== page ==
Povetkin ‘least bad’ among heavyweights

October 23, 2007 2:01 AM
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Boxing would have taken a backseat in my heart this coming weekend even if it had a fight or two worth considering. For upcoming is my favorite day of the sports calendar — the Breeders Cup race.

I shall not bore you with stories of how I landed on Miesque or wrote about Pebbles and her taste for Guinness Stout, or cashing in on Ferdinand vs. Alysheba at Hollywood Park and rushing to make a plane to Vegas to see Julio Cesar Chavez, in perhaps the finest performance of his career, tear apart Edwin Rosario.

I certainly shall not try to pass on any advice on the upcoming races, even though I was lucky enough to hit the exactas this year in all three Triple Crown events and, except for Rags to Riches, all the participants will meet again in the Classic.

All the Breeders Cup does this year is breed more contempt for boxing’s heavyweight division. The only fight that means a darn next Saturday is in Erfurt, Germany, between Chris Byrd, the aged former heavyweight champion, and virtual novice Alexander Povetkin, the 2004 Olympic gold medalist who is 13-0 with 10 knockouts as a pro.

Sight unseen, I like Povetkin in this, though I naturally will be rooting for Byrd, who was one of my favorite fighters. Povetkin has been brought along quickly for a prospect, perhaps in deference to his comparatively advanced age of 28. He has faced increasingly more difficult opposition, and in his last appearance he shut out Larry Donald over ten rounds. Before that, he stopped in reverse order, Patrice L’Heureux, David Bostice, Imamu Mayfield and Ed Mahone.

Chris Byrd, even at the age of 37, is a huge step up. But at the age of 37, he is far from what he used to be. Very far.

Even in his declining abilities, he was able to bounce up off the canvas and beat Jameel McCline and get a draw from Foul Pole Golota, who fought well when he realized Byrd could not hurt him. That was the essence of the slick southpaw. He went in the ring knowing he could not hurt his opponent, but by his wits and agility was able to outbox and virtually embarrass the bigger, stronger guys he was facing.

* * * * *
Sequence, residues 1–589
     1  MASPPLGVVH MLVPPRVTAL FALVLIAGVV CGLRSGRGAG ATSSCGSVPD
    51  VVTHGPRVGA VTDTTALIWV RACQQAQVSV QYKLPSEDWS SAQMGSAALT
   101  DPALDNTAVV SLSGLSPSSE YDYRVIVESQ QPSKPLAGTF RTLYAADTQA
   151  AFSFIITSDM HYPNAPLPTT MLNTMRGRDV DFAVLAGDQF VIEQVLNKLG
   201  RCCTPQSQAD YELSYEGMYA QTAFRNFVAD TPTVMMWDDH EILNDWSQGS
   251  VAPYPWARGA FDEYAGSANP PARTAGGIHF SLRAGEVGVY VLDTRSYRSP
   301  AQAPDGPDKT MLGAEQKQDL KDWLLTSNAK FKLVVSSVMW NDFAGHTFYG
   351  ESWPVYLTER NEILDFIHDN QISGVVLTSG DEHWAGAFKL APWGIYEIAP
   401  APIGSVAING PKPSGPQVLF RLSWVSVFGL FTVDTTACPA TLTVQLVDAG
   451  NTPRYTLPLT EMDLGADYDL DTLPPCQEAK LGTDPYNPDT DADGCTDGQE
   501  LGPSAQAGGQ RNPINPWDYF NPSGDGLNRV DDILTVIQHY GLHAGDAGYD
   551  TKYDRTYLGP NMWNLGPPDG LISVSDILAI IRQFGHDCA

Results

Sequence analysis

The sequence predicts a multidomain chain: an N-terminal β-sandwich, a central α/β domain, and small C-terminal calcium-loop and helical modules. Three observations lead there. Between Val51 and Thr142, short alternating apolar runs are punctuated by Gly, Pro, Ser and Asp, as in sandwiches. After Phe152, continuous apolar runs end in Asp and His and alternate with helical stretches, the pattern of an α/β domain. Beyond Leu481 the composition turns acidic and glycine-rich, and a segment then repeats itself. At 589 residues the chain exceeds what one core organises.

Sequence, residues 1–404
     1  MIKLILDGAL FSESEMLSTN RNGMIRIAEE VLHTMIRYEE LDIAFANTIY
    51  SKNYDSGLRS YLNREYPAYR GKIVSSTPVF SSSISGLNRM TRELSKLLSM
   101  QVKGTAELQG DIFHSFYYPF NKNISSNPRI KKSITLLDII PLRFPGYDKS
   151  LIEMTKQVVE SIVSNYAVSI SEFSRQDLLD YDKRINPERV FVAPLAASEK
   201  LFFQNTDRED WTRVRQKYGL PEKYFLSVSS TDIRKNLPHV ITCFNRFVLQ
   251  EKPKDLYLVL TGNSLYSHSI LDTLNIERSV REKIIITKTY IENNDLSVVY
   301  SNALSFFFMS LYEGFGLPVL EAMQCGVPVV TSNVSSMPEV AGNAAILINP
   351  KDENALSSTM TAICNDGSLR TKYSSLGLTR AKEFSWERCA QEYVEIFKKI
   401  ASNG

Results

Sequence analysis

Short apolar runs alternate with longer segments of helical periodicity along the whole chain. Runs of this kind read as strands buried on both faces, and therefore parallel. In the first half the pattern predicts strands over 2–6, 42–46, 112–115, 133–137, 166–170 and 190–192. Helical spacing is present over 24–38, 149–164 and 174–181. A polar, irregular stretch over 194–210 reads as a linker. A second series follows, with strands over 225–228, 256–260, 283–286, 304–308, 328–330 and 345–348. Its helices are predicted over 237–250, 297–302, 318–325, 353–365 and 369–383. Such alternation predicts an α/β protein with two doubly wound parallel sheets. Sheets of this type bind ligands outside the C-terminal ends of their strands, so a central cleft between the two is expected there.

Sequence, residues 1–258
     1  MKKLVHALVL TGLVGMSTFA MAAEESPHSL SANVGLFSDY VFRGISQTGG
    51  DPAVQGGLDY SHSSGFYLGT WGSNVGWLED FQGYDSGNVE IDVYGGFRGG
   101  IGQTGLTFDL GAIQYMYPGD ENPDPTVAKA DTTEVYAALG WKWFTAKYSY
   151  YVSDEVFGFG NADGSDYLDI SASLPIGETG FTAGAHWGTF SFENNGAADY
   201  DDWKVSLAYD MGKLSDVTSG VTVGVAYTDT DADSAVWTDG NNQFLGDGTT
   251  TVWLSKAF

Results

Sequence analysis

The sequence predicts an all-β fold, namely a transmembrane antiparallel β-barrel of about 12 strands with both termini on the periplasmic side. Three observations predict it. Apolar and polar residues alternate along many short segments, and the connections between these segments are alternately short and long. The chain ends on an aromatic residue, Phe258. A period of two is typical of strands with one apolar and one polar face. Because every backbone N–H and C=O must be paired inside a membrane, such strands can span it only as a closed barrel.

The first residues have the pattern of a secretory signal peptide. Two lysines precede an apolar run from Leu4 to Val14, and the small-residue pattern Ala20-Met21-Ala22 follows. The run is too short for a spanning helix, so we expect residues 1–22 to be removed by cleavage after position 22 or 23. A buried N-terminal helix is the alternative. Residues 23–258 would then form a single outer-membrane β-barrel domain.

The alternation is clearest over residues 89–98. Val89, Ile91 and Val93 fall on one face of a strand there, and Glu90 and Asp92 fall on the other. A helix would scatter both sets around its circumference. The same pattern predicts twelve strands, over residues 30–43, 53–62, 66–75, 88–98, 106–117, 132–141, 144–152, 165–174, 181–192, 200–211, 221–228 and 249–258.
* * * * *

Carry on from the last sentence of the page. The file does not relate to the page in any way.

Povetkin is not that much bigger — two inches in height, maybe 15-20 pounds - than the 6-foot-2 Byrd. But Byrd was hardly the master boxer who so easily handled Evander Holyfield and David Tua, the one who was coming on so strongly that Vitali Klitschko felt it prudent to quit on his stool with a shoulder injury rather than to continue throwing wide punches at a man who was never where you thought he was.

Byrd has made only one start this year, in April, defeating journeyman Paul Marinaccio in seven ugly rounds. He’d like to explain away his poor performance by ring rust. He hadn’t fought in a year since Wladimir Klitschko clobbered him again. But I believe, under the rust, there was a marked loss of dexterity, agility, reflexes, all the things that made Byrd special.

The winner of this fight is to meet the winner of the followoing week’s Calvin Brock-Eddie Chambers match for the right to face Wladimir Klitschko for the WBC title. It is not something I am anxiously awaiting, unless Povetkin - sight unseen, remember - turns out to be a real talent.

I could find no line on Byrd-Povetkin. Thankfully. I’ll save my money for Street Sense or Curlin. But the fight is unfortunately representative of what’s going on in what used to be boxing’s glamour division. We just had Samuel Peter virtually exposed as another over-hyped, undertrained prospect when Jameel McCline knocked him down three times by the third round (and had nothing left thereafter). Peter now will face Oleg Maskaev to ring in the new year, Jan. 2 at Madison Square Garden. That winner is to face Vitali Klitschko at a hospital to be named later.

Evander Holyfield looked his age (45 by the time you read this) and made Sultan Ibragimov look less than ordinary in another recent "title" bout. We could go on and on, but there’s no point in beating a dead horse, not in the week we’ll be looking to beat some very live horses at very nice odds. The Breeders Cup, as usual, offers great value to bettors. Monmouth Park, not Erfurt, is where it’s at.